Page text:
A group of scientists has discovered that a rare blood disorder could have had a severely negative impact on the offsprings of Neanderthals, as a result of sexual relations between human beings and Neanderthals. The study was published in PLOS one journal. The current finding is that Neanderthals had the same blood groups, A, B, and O just like modern humans.
According to a study, the blood samples of Neanderthals show that their blood carried a specific set of genetic variants, which was susceptible to hemolytic disease of the fetus and newborn (HDFN). Researchers believe that this HDFN can cause anemia and usually worsens with second, third, and following pregnancies.
This, they believe, could have led to a decrease in the number of Neanderthal children.
“Analyses of blood group systems of Neanderthals and Denisovans contributed to a better understanding of their origin, expansion, and encounters with Homo sapiens,” the report read.
Although this could have also happened as a result of sexual relationships solely between Neanderthals, the risk of HDFN is reported to be higher in cases of sexual relationships between human ancestors and Neanderthals.
“These elements could have contributed to weakening the descendants to the point of leading to their demise, especially combined with the competition with Homo sapiens for the same ecological niche,” the report claims.
While the disorder is considered to be extremely rare in human species now, it is considered to be common in Neanderthals as the species’ gene pool is very limited.
“The fact that these forms of genes were detected in individuals separated by 4,000km and 50,000 years suggest that this genetic peculiarity and the risk of anaemic foetus would have been quite common amongst Neanderthals,” Stephane Mazieres, a lead author on the research from Aix-Marseille University was quoted saying by the Daily Mail.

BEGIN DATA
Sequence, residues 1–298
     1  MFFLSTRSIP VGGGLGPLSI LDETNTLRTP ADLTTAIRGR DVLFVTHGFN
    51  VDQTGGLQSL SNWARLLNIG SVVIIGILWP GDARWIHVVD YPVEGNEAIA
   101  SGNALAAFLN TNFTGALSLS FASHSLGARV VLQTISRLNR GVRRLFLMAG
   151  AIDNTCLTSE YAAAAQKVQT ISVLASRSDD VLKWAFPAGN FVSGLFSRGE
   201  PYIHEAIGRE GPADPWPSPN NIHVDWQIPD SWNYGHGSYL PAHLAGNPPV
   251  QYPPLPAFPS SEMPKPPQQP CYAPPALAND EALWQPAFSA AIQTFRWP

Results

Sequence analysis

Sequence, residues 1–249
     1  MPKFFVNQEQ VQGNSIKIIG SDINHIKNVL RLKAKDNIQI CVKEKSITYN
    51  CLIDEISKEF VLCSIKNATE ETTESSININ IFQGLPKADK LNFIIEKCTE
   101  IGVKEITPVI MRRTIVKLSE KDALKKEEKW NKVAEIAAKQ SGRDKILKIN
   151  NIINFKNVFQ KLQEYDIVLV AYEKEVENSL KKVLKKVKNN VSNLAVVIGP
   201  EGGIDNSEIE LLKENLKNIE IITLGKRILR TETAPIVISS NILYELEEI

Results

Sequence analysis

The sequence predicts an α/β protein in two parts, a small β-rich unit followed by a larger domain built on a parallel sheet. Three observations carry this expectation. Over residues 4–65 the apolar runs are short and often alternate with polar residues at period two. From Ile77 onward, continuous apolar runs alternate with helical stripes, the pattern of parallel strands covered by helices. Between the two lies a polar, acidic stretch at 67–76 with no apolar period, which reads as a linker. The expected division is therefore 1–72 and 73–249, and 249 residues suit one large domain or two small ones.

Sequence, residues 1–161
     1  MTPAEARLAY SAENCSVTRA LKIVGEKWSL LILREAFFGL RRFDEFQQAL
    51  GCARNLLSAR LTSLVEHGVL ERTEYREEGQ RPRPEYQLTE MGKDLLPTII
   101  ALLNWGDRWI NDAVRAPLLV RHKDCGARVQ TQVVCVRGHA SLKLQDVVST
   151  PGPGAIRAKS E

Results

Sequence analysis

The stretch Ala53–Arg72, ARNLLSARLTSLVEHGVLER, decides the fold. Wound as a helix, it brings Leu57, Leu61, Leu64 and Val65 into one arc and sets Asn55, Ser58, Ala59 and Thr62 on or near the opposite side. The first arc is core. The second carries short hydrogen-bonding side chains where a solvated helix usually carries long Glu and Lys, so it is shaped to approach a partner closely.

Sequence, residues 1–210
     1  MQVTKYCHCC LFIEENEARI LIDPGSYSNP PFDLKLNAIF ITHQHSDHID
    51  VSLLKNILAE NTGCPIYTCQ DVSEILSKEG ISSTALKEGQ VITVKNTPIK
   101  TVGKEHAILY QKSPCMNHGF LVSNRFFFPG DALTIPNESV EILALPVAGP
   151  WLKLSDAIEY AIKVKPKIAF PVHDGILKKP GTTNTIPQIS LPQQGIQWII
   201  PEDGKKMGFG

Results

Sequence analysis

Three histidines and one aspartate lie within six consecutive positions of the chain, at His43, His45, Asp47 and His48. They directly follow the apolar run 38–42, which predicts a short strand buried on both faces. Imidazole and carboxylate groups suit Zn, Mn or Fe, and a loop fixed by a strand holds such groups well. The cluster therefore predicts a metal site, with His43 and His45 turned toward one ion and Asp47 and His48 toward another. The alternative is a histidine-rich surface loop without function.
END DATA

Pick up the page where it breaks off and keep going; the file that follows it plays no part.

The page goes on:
Who were Neanderthals:
Neanderthals were humans like us, but they were a distinct species called Homo Neanderthalensis.
Neanderthals had a long, low skull (compared to the more globular skull of modern humans) with a characteristic prominent brow ridge above their eyes. Their face was also distinctive. The central part of the face protruded forward and was dominated by a very big, wide nose.
Species: Homo Neanderthalensis
Lived: from about 400,000 to 40,000 years ago
Where: across Europe and southwest and central Asia
Appearance: large nose, strong double-arched brow ridge, relatively short and stocky bodies
Brain size: at least 1,200cm3 to 1,750cm3
Height: about 1.50-1.75m
Weight: about 64-82kg
Diet: meat, plants and fungi, shellfish when available
Species named in: 1864
Name meaning: ‘human from the Neander Valley’